“Whether mild or astringent,” Reder says, “typically the anti-Semitism of educated [White] people was ambivalent, manifested in some contexts and toward some individuals, but not in others.” “The criterion I have tried to apply is that the mind-set of an ambivalent anti-Semite (which I consider all three of our subjects to have been) is characterized by (1) a dichotomy between ‘acceptable’ and ‘unacceptable’ Jews and (2) a tendency, varying with mood and circumstance, to apply an adverse stereotype to any Jew who arouses distaste.”
To Reder’s last criterion might be added “A tendency to apply an exaggeratedly positive stereotype to any Jew who arouses sympathy.” In other words, I do think that Reder is onto something here — namely, “ambivalent philo-Semitism.”
Nevertheless, Reder’s title (“The Anti-Semitism of Some Eminent Economists”), together with the overall thrust of his article, reveals that his real purpose is to tar his subjects with the “anti-Semitic” brush. Therefore, Hamowy’s judgment appears apt: “It seems clear from this list that Reder is equating anti-Semitism with any characterization of Jews by a non-Jew that is not explicitly laudatory. Even statements of historical fact are not exempt.”
Classical Liberalism, “Anti-Racism,” and Anti-Anti-Semitism
Any assertion of liberal universalism coupled with either implicit or explicit double standards favoring Jews or other non-Whites over Whites is untenable. Basically, three options are available.
First: public hypocrisy combined with private adherence to Jewish supremacism. (This is far and away the most common stance.)
Second, adherence to a universally destructive ideology of the type Richard McCulloch calls “racial nihilism” — a policy encompassing the destruction of all races, not just the White race. (Note that the principle remains the same if the category chosen is that of “social construct” instead of race. There is no acceptable reason why the “social constructs” of “Jewry,” “Jewishness” and “Judaism” should not be abolished right along with “Whiteness.”)
Alternatively, one could consistently advocate “liberalism inside the borders” — political, economic, and social liberty within a larger framework of global racial separation and preservation.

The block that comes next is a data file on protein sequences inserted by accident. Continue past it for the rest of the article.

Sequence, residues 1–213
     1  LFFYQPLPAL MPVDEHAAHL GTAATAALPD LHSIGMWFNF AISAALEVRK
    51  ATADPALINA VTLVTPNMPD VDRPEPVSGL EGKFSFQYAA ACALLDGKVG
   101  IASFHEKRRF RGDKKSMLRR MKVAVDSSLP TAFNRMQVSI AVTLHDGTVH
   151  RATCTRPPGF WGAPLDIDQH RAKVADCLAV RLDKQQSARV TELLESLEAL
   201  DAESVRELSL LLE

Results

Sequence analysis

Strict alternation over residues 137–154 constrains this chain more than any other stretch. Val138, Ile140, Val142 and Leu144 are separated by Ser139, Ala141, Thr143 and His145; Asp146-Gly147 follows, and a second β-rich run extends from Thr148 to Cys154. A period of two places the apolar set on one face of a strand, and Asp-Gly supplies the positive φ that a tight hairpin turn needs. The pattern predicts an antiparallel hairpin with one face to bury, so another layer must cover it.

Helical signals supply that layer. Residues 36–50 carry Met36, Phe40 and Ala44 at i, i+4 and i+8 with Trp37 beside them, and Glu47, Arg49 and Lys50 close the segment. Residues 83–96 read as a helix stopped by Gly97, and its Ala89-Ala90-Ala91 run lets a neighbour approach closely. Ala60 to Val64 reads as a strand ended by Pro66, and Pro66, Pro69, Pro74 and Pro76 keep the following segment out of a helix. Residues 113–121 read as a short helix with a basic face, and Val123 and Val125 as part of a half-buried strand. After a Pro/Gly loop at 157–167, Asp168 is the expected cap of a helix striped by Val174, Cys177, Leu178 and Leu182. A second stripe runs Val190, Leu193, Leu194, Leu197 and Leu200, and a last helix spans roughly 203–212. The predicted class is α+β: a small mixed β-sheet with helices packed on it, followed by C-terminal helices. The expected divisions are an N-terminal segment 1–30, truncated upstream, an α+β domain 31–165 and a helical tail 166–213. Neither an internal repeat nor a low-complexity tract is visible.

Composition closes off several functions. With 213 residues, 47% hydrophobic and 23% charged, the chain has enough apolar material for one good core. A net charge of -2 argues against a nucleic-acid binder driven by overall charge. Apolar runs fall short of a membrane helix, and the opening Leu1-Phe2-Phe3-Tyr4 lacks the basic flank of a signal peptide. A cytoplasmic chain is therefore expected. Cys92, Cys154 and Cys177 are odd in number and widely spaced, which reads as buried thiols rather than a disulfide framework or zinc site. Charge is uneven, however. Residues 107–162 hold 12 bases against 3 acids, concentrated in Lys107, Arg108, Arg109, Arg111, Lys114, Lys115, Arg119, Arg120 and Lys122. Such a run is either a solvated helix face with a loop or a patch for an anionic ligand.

Jewishness is the very antithesis of individualism and universalism. It is collectivist, chauvinist, and totalitarian. As everyone secretly knows, if Jews were compelled to abide by the same legal and moral standards as everybody else, Jewry would cease to exist as an organized entity. Jews and Jewry exist and possess superior power and privilege because of the willful non-application to them, by the state and by society generally, of the normative rules that other members of society are coerced into obeying.
If Jews are allowed to operate as a secretive, tight-knit, racially-conscious unit habitually exploiting others, then on what grounds can this possibly be justified? The fact that society and its citizens (or subjects) completely avoid talking or thinking about the situation will not make it go away. On the contrary, silence is, at minimum, an implicit endorsement of the injustice inherent in the social arrangement.
This glaring discrepancy between liberal thought and behavior was exposed when English statesman Enoch Powell was forced from the Mont Pelerin Society because of his belief in racial and cultural preservation. (Hayek founded the Society in 1947 as a forum to promote the values of classical liberalism among scholars, journalists, politicians, and others, and was its leading personality for many decades.) The irony of a largely Jewish group ostensibly devoted to freedom venting its spleen on a White member for having the temerity to publicly suggest that his people have a right to exist was not lost upon discerning observers.
In his private life, Hayek, too, implicitly accepted a non-reductionist approach to racial matters. During the Battle of Britain, for example, when he had to choose between sending his children to live in the U.S., Argentina, or Sweden, he chose the United States, “based on the tacit assumption that my children would there be placed with a white and not with a coloured family.” Law, Legislation and Liberty, Vol. 2: The Mirage of Social Justice (1976), p. 189, n. 25.
In the intellectual arena, by contrast, Hayek took the easy way out, refusing to acknowledge the need for even a minimum of collective self-regard among Europeans, while simultaneously tacitly endorsing a socially pathological level of racial collectivism for Jews. This required either significant intellectual dishonesty or willful blindness on his part. Then again, perhaps Hayek felt that he could afford to indulge himself in this manner in the still-White world of the 40s, 50s, 60s, and 70s.
Unfortunately, we no longer have that luxury.